If you’re an investor looking to build a well-diversified portfolio, you’re likely familiar with mutual funds. But do you know how they work, and do you know there are two different kinds? Mutual funds can be classified as closed-end or open-end, and while they have some similarities, they also have some major differences. But first, let’s take a moment to revisit what mutual funds even are.

What Are Mutual Funds?

Both closed-end and open-end mutual funds are investment companies that pool the monies from various investors in a fund established to accomplish a financial objective. The funds are then “managed” by a money manager in order to pursue this objective, which is delineated in the fund’s prospectus. These managers invest in a wide range of securities, including stocks, bonds, money market instruments, and even a combination of these. Delivery of profits are also the same in closed-end and open-end funds. Profits to shareholders can be in the form of income from potential dividend payments and capital gain distributions and capital gains realized from the sale of shares that experienced an increase in share value.

Characteristics of Closed-End Mutual Funds

Closed-end and open-end mutual funds also differ in many respects. Attributes of closed-end mutual funds include:

  • Fixed number of shares issued at Initial Public Offering (IPO)
  • Shares are bought from and sold to other investors in the open market
  • Shares of the fund may trade at a discount or premium based on the supply and demand for that particular issue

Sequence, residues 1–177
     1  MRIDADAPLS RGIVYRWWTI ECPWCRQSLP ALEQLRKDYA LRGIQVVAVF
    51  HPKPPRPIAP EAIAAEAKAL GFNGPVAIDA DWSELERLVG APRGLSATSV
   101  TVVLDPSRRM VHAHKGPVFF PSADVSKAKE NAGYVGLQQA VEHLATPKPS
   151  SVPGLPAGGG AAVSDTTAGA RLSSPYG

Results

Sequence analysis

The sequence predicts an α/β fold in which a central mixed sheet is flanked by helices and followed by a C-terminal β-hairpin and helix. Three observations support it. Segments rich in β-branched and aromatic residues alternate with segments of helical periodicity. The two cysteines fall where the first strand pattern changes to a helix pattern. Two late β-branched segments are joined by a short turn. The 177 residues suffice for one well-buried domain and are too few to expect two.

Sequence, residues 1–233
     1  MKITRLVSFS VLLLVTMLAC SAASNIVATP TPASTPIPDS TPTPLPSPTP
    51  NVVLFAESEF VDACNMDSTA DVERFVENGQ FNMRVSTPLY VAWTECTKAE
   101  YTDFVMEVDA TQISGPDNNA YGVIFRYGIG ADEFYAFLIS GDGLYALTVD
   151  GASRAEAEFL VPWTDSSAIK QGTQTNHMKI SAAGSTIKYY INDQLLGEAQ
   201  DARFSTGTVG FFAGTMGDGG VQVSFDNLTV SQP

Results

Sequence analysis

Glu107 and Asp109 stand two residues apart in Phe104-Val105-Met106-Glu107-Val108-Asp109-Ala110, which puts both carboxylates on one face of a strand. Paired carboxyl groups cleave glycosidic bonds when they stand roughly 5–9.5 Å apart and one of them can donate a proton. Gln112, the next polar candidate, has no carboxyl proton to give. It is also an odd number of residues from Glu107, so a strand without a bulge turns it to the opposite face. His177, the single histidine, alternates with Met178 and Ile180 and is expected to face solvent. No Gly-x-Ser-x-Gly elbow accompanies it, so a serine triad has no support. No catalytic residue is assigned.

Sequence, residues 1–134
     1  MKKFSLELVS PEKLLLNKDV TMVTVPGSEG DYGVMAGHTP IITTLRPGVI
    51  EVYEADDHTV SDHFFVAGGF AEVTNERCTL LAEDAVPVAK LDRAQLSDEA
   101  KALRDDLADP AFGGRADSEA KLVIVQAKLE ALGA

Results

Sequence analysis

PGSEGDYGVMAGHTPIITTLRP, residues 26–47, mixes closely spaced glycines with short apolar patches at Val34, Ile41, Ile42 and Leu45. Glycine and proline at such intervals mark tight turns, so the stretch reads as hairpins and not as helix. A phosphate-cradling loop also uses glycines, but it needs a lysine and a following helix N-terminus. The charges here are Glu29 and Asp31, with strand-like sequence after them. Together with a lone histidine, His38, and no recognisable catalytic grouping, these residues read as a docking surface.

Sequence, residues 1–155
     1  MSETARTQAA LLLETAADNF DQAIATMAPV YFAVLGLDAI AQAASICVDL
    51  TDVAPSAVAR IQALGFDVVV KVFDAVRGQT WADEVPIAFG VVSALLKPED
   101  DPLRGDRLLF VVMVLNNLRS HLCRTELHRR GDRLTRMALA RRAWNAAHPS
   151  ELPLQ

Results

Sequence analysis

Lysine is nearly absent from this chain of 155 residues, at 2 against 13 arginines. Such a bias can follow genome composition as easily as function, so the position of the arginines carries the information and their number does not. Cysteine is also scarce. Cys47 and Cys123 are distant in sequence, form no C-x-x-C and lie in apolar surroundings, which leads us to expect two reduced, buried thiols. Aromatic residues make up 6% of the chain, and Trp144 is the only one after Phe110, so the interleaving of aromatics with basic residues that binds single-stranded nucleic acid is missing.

• Additional profit potential from selling shares if the discount from NAV decreases, if the premium increases, or if the discount becomes a premium
  • Broker commissions on purchases and redemptions
  • Ability to buy on margin and sell short
  • Allowed to issue preferred shares and debt

Historically, the best time to purchase closed-end funds has been just after they are issued—although, there are no guarantees in investing. At the IPO, the fund’s shares are issued at their actual value. Shortly thereafter, the funds tend to drop under net asset value and sell at a discount. Exactly why these funds sell at a discount after the IPO continues to be one of finance’s greatest mysteries.

Characteristics of Open-End Mutual Funds

On the other hand, open-end funds (often simply referred to as “mutual funds”) have the following characteristics:

  • Open to new investors due to continuous issuance of shares
  • Shares are purchased directly from the fund’s underwriter
  • Shares of the fund sell at their NAV
  • Brokers may receive larger commissions with open-end funds than closed-end funds after their IPO

It is possible for an open-end fund to restrict the issuance of new shares at some unknown point in time. However, this does not cause the fund to become a closed-end fund.

Should I Invest in Closed-End Funds or Open-End Funds?

Investing in closed-end funds may be a bit confusing for inexperienced investors. Since these securities sell at discounts or premiums, it requires the ability to determine the intrinsic value of the underlying securities to conclude whether or not the investment makes sense. This adds an additional layer of risk and goes against the theory that markets are efficient.

If you are uncertain on which investment vehicle is best for you, consult your financial advisor.


Content in this material is for general information only and not intended to provide specific advice or recommendations for any individual.

Investing in mutual funds involves risk, including possible loss of principal. Fund value will fluctuate with market conditions and it may not achieve its investment objective.

Richard J Feldman

Richard J Feldman

Senior Vice President, Financial Advisor

CFP®, Series 65 Advisory Registrations† Richard Feldman has over 15 years of experience in the financial services industry. He joined Wealth Enhancement Group in 2021 through the Investor Solutions acquisition. Richard brings a wealth of experience in advising clients on portfolio construction, risk management strategies, and retirement planning. His experience includes financial planning, trading, and client advice. He is a graduate from the University of Miami where he...Read More